The Arrest That Led To David Bowie's Iconic Mug Shot

In 1976, David Bowie was going through something of a transitional phase. One of the most prominent rock musicians in the world, he had killed off his greatest creation, Ziggy Stardust, in spectacular fashion by announcing his retirement on stage in 1973. Bowie remained in music, but he now insisted that he was moving on from Ziggy. However, the rock star was struggling to find his feet, with Aladdin Sane — the titular character of his 1973 album with its instantly recognizable cover — basically nothing more than a darker Ziggy Stardust in style and appearance. The character that came next, Halloween Jack, was the persona through which Bowie created "Diamond Dogs," though neither Jack nor the album were considered breakthrough successes compared to the Ziggy era.

However, by the mid-70s, Bowie had begun to move away from glam rock towards a greater fusion of influences that he described as "plastic soul," and also emerged with one of his great stage personas, The Thin White Duke, whose presence is felt on the 1975 album "Young Americans" — featuring Bowie's first American No. 1 single, "Fame" — but who truly takes center stage in the album to follow, "Station To Station."

Bowie was crafting the sound that would make him the worldwide rock superstar he would eventually become. However, not everything was going his way; one of the biggest Bowie stories of the year involves his shock arrest in Rochester, New York, when, facing felony drug charges, he effortlessly produced one of the coolest police mugshots in existence.

A mid-tour bust

Though David Bowie was yet to hit the commercial heights of 1983's "Let's Dance" in the United States, his 1976 North American tour nevertheless attracted plenty of attention. According to Classic Rockers, the tour, titled "Isolar," strikingly gave flesh to Bowie's Thin White Duke era, and blended the new music of Bowie's plastic soul era, especially that on "Station To Station," with past hits from albums such as 1972's "Hunky Dory."

Performing for tens of thousands of fans every night, Bowie was at the height of his powers, cutting an elegant but imposing figure on stage. But behind the scenes, Bowie and his new friend Jim Osterberg — aka The Stooges' Iggy Pop — were each dealing with their addictions: cocaine and heroin respectively. As noted by Far Out, it was on this tour that the famously drug-taking musicians were looking for a way to get clean, with Berlin looking like a likely destination for both musicians.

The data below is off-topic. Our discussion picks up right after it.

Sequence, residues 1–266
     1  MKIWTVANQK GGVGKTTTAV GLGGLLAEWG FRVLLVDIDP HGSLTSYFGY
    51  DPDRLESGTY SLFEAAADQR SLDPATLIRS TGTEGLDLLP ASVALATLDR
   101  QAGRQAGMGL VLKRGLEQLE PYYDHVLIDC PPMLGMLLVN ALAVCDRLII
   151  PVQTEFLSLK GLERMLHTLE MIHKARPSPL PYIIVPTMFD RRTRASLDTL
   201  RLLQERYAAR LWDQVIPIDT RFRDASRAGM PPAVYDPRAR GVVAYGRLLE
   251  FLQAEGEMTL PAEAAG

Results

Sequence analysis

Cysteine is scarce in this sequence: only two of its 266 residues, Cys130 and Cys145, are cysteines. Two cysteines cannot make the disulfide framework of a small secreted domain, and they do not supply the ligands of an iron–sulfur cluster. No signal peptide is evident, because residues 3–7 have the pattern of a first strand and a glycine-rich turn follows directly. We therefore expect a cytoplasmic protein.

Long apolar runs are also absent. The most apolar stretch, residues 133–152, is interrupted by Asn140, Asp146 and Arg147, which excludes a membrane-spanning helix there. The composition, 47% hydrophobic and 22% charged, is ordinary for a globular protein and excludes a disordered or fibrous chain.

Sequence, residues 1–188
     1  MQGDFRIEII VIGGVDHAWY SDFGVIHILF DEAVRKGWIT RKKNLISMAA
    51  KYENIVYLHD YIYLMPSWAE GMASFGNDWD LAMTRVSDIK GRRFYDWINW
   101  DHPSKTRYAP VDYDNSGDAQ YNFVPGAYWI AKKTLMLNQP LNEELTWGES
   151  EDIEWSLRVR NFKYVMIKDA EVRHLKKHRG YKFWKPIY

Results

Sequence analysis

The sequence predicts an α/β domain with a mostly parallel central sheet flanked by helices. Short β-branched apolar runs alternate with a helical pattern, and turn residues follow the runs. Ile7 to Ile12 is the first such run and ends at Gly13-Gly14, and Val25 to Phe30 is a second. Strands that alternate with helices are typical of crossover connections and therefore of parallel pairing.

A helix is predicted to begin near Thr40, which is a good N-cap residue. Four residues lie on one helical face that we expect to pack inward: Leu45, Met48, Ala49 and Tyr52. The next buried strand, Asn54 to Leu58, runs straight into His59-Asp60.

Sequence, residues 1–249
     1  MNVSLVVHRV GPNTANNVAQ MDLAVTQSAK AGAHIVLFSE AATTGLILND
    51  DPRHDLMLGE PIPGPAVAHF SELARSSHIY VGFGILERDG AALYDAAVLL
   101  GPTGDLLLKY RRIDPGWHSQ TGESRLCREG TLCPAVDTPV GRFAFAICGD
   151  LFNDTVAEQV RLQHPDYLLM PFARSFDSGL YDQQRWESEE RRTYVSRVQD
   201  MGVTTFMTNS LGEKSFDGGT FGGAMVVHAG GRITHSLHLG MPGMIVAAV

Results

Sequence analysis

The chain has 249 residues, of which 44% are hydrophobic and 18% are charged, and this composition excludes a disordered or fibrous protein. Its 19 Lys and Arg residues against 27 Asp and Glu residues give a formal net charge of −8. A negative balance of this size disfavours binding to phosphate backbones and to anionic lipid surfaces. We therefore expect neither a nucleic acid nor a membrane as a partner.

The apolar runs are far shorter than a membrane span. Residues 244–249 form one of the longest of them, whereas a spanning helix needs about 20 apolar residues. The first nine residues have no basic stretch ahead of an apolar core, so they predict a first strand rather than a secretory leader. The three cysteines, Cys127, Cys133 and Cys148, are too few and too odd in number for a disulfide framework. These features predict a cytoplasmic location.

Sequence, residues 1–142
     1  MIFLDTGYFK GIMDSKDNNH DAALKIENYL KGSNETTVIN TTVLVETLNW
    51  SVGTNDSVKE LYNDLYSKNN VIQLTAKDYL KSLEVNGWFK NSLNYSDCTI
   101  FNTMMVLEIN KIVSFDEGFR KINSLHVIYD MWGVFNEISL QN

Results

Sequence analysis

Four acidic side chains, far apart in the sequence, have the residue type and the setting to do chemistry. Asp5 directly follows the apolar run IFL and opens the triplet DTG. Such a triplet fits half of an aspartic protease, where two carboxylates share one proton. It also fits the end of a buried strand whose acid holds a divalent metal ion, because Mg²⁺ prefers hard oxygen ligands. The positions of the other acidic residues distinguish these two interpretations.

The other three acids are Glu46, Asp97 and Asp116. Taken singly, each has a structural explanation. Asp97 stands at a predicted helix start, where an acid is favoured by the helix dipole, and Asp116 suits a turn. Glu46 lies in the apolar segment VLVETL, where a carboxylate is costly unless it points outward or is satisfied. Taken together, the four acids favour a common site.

So it was ironic, then, that the pair were busted by Rochester police for possession of marijuana, a drug with which neither was particularly associated. The charges were later dropped. That Bowie got away with what was then a felony is perhaps explained in recently unearthed footage (above), in which the rocker, speaking to the press, is the image of politeness, praising the police as "gentlemen" and being thankful for the good treatment they had given him, while his lawyer explains that Bowie has never been "involved in drugs" in his life.

Bowie's Rochester mugshot resurfaces

The existence of David Bowie's iconic 1976 mugshot has long been known to fans of the Starman, who prize it among the great Bowie photos from press releases, album sleeves, and live performances. But the shots were in the news again back in July 2022, when it was announced that the original mugshots had been put up for auction. 

As the auction house, Ewbank's Auctions, explained in their listing: "The vendor's cousin's husband was a gentleman called Scott. He was the officer who fingerprinted and photographed David Bowie. He gave it to the vendor personally as a wedding present as he knew he was a Bowie fan. The vendor has been in possession of this photo for 46 years and has safely kept it hidden away."

According to Rolling Stone, the photo was expected to sell for around £1,500 ($1,750), but the lot exceeded expectations. Per Ewbank's, when the hammer fell, David Bowie's famous mugshot had sold for £3,800 ($4,460).